37 the target annual bonus amount for the year in which such termination occurs, for the Chief Innovation Officer is 9 months, and one months for the existing non- Executive Directors. The Committee’s approach to payments in the event that an Executive Director’s employment is terminated is to take account of the individual circumstances including the reason for termination, individual performance, contractual obligations, potential claims the Executive Director might have against the Company and the terms of the equity incentive plans in which the Executive Director participates. Termination by notice from the Company: up to 12 months’ notice, with the discretion for the Committee to make a payment in lieu of notice for base salary, pension and other benefits that would otherwise have been paid during the notice period. Annual bonus: except for the current Chief Executive Officer who is entitled to his target annual bonus, there is no automatic contractual entitlement to bonus or pro-rata bonus on termination, although this may be considered at the discretion of the Committee. Long-term incentives: whether any long-term incentive awards would vest and be exercisable upon loss of office would be subject to the relevant plan rules under which such award was granted. The 2020 Plan allows vesting and exercise of awards in the event of death, retirement, ill-health, injury, redundancy and any other reason at the discretion of the Committee. The Committee retains discretion to determine the extent to which the award will vest, taking into consideration the circumstances. Unvested awards normally lapse, although the Committee retains the power to determine, in accordance with the “good leaver” provisions of the relevant plan rules, what proportion of unvested awards will be retained and what proportion will lapse. In determining this, the Committee will give consideration to the reason for leaving, the extent of achievement of performance objectives at the date of leaving and may decide to pro-rate awards. Change of Control: on a change of control, all unvested awards vest on the date of change of control. Change of control provisions in the Chief Innovation Officer’s service agreement provide for a lump sum payment equal to the value of salary, bonus and contractual benefits for 12 months if, within 12 months of the change of control, their employment by the Company is terminated (other than for reason of misconduct and certain other grounds, but including by way of constructive dismissal) less any sums paid by way of notice or payment in lieu of notice. Additional payments: the Committee reserves the right to make payments it considers reasonable under a settlement agreement, including payment or reimbursement of reasonable legal and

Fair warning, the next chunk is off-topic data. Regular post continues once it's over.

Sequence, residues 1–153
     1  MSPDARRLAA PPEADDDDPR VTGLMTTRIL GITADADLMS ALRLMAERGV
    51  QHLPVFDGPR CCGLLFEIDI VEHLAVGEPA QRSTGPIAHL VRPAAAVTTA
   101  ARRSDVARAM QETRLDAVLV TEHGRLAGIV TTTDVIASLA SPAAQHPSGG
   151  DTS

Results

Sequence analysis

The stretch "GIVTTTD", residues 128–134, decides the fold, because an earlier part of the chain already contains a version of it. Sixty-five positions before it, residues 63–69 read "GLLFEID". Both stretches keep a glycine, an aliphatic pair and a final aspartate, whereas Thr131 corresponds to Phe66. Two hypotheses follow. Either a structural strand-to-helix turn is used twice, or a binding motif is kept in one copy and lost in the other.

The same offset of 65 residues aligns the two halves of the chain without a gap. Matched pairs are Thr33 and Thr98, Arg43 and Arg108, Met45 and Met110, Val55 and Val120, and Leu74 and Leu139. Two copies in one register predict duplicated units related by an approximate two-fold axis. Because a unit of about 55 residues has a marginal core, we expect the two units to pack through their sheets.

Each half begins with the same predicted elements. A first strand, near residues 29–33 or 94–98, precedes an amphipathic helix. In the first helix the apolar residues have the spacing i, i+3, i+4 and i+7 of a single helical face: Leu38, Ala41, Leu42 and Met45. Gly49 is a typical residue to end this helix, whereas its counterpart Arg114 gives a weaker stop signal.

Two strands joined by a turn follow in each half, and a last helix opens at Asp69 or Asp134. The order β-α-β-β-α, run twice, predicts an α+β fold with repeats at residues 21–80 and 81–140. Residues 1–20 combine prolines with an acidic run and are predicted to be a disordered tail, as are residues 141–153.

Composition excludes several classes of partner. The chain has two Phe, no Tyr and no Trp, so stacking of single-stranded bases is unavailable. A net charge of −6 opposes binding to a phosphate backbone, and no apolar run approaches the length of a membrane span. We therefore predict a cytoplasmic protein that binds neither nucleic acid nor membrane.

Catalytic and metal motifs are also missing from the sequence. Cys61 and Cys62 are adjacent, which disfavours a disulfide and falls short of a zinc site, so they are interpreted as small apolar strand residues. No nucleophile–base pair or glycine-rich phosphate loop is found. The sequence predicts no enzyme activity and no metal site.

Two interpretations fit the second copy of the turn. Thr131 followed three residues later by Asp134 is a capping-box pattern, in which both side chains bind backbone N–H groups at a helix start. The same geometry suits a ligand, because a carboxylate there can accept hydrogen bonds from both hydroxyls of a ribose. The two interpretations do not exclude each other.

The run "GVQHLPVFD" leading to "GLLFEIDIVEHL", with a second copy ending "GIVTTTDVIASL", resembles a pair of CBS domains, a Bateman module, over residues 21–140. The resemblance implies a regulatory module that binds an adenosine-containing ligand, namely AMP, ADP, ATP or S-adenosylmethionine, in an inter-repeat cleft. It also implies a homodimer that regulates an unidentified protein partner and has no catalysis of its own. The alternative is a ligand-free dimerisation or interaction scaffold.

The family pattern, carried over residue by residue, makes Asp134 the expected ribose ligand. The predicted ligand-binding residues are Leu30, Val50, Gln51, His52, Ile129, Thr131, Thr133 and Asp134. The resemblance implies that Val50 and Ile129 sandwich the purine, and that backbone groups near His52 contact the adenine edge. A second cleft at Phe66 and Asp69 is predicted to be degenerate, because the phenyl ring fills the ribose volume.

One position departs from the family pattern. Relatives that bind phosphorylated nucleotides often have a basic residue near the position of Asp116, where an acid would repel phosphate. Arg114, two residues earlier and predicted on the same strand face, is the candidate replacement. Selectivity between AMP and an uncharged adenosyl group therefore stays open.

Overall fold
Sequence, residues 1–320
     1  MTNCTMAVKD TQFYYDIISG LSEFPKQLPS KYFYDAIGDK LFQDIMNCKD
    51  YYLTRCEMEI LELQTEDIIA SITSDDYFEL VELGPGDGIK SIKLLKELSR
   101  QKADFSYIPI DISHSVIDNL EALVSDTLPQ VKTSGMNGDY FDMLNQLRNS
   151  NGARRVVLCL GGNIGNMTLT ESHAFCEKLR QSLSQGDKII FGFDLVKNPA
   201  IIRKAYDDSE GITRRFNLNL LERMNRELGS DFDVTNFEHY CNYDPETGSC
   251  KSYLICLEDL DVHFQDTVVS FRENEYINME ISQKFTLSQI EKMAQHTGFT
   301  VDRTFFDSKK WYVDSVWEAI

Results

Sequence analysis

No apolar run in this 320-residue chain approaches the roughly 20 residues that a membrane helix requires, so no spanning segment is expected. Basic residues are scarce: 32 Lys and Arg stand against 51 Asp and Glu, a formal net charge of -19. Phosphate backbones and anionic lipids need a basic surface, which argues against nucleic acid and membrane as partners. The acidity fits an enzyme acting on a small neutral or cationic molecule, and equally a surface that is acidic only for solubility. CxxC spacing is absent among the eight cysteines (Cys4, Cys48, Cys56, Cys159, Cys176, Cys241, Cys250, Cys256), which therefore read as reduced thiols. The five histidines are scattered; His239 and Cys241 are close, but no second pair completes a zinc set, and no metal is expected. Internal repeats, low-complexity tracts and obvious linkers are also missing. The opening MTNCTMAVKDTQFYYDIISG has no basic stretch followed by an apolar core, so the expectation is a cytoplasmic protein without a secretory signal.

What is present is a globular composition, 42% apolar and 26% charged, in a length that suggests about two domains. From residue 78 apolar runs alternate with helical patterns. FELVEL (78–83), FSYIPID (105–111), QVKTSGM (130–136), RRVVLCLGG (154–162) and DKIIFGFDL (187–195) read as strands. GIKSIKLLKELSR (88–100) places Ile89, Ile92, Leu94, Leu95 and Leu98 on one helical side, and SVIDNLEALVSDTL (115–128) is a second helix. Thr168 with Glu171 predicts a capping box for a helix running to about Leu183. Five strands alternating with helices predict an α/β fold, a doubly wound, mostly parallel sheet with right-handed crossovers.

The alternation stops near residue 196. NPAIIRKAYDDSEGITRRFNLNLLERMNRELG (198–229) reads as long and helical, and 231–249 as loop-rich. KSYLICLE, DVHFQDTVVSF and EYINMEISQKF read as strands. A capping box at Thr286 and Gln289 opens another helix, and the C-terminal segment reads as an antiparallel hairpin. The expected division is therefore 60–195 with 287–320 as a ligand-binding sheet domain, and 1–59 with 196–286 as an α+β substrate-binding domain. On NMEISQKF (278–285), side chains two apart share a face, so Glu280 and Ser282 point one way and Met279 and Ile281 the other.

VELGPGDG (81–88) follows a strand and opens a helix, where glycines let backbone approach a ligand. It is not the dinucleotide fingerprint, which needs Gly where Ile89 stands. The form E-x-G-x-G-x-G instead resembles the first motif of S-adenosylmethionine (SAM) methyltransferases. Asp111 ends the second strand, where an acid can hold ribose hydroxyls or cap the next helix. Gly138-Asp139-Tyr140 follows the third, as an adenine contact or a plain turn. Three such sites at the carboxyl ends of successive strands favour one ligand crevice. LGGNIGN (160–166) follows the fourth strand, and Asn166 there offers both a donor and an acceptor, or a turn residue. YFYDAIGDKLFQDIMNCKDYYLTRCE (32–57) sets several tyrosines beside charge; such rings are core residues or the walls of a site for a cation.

38 professional fees, untaken holiday and any payment for the settlement of potential claims against the Company in the UK or other jurisdictions. Payment or reimbursement of reasonable outplacement fees may also be provided. The Directors' service contracts are available for inspection at the Company's principal place of business: Fora - Soho 33 Broadwick Street Soho London W1F 0DQ The Policy for the Chairman The Board approves fees payable to the Chairman. The Chairman (who also occupied the role of Chief Executive Officer until August 2022) does not participate in discussions in respect of his own fees. The Policy for the Chief Executive Officer (CEO) The Board approves any compensation paid to the Chief Executive Officer and the Chief Executive Officer does not participate in any discussions relating to his own compensation. The Policy for Non-Executive Directors The Board approves the fees payable to the Company’s non-Executive Directors.